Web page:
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Mechanism of the F1 ATPase Molecular Motor as Revealed by Single Molecule Studies


Abstract The F1Fo ATP synthase is required for energy conversion in almost all living organisms. The F1 complex is a molecular motor that uses ATP hydrolysis to drive rotation of the γ–subunit. It has not been previously possible to resolve the speed and position of the γ–subunit of the F1–ATPase as it rotates during a power stroke. The single molecule experiments presented here measured light scattered from 45X91 nm gold nanorods attached to the γ–subunit that provide an unprecedented 5 μs resolution of rotational position as a function of time. The product of velocity and drag, which were both measured directly, resulted in an average torque of 63±8 pN nm for t... (more)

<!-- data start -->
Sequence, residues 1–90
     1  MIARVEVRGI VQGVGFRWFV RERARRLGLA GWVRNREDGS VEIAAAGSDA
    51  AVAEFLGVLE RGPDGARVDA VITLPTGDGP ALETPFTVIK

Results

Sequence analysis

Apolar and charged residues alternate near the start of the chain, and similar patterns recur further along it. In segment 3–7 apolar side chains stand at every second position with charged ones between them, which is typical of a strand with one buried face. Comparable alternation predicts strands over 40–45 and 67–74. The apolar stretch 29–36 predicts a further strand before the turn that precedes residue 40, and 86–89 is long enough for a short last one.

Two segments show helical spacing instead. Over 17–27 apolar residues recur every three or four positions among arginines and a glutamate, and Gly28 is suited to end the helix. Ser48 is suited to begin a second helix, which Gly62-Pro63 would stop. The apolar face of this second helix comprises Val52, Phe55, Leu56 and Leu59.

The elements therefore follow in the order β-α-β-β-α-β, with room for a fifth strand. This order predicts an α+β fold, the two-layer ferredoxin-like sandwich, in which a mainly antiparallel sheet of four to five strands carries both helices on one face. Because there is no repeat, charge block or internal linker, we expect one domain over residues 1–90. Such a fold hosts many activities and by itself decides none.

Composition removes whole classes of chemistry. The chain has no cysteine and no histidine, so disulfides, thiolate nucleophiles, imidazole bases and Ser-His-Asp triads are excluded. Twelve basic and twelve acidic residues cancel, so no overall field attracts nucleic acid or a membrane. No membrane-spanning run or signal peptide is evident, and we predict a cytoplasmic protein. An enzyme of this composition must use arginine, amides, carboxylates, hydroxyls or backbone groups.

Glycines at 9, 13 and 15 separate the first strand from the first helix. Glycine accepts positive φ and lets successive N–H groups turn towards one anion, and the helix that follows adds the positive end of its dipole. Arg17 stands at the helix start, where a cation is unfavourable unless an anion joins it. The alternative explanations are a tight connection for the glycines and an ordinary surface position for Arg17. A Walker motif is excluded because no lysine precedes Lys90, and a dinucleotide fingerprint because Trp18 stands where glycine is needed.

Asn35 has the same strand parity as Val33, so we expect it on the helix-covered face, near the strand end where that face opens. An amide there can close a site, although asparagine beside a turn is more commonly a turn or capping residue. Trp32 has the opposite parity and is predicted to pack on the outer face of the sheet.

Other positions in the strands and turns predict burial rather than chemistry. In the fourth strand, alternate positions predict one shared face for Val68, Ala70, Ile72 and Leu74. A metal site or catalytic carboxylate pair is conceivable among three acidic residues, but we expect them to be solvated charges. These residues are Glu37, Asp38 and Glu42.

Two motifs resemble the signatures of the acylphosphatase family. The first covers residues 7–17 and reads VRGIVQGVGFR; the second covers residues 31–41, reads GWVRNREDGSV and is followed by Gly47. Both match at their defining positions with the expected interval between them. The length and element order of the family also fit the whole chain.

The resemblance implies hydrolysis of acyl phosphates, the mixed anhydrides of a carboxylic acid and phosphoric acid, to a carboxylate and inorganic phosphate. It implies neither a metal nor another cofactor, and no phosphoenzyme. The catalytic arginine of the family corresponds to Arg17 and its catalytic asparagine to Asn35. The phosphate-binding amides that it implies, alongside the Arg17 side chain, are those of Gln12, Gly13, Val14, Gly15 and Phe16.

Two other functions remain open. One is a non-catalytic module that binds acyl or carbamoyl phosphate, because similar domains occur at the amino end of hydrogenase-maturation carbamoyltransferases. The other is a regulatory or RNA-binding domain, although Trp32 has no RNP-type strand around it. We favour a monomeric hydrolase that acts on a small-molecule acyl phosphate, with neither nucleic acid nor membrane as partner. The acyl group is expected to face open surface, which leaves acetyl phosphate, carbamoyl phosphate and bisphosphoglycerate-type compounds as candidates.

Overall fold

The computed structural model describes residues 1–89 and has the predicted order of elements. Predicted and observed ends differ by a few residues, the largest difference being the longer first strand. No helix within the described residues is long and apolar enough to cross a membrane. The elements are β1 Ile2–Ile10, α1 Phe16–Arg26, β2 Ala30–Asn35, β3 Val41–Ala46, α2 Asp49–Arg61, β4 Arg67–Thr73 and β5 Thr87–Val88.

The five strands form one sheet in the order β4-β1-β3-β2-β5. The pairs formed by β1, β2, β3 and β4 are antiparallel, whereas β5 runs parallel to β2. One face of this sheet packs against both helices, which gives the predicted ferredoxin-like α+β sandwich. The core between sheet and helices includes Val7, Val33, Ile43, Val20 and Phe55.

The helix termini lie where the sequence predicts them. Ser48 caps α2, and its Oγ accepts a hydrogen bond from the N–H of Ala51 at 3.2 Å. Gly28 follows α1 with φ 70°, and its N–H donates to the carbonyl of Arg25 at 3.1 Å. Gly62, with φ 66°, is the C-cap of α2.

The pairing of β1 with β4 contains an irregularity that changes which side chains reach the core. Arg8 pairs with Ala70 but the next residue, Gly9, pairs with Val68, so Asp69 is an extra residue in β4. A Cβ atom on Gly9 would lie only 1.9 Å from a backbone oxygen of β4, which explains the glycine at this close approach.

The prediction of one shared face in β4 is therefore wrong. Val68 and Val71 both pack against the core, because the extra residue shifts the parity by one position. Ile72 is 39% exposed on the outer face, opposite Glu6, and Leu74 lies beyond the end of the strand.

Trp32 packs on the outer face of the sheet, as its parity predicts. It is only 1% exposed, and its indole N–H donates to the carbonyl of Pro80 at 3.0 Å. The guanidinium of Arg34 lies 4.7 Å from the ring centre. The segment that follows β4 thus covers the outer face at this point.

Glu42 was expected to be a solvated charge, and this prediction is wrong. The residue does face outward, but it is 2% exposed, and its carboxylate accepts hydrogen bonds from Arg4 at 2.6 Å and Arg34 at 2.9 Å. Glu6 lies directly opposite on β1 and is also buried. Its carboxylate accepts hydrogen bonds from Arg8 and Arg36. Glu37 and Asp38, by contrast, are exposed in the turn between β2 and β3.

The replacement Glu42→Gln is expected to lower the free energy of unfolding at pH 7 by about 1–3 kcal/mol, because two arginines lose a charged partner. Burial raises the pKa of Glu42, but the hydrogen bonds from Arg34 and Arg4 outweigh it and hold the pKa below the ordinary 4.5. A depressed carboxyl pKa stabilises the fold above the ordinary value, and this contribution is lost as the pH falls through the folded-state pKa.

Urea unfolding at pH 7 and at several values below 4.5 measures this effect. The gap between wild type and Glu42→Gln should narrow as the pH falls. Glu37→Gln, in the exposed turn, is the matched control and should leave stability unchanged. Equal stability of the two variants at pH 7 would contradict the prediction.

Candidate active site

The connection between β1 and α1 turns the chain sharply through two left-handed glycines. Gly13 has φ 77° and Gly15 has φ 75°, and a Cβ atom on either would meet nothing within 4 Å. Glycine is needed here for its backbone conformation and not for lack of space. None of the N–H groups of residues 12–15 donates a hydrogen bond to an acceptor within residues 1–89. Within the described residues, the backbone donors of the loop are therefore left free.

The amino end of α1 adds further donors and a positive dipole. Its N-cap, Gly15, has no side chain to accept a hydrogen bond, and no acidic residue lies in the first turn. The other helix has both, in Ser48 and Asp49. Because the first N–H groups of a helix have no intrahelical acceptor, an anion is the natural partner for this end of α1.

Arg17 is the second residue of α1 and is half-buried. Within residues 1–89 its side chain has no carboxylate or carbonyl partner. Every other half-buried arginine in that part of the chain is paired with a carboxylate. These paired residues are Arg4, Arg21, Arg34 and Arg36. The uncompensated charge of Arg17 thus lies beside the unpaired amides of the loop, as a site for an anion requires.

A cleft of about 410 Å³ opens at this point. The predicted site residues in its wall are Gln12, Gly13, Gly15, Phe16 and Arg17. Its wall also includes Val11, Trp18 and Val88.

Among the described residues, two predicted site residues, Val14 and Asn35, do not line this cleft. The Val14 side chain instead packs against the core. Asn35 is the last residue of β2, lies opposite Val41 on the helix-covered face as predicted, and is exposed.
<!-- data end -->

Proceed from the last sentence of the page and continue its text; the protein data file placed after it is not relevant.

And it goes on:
Created Date 2012
Contributor Martin Ii, James Leo (Author) / Frasch, Wayne D (Advisor) / Chandler, Douglas (Committee member) / Gaxiola, Roberto (Committee member) / Yan, Hao (Committee member) / Arizona State University (Publisher)
Subject Biophysics / Biochemistry / F1-ATPase / gold nanorod / molecular motor / single molecule / torque
Type Doctoral Dissertation
Extent 180 pages
Language English
Copyright
Reuse Permissions All Rights Reserved
Note Ph.D. Molecular and Cellular Biology 2012
Collaborating Institutions Graduate College / ASU Library
Additional Formats MODS / OAI Dublin Core / RIS


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Description Dissertation/Thesis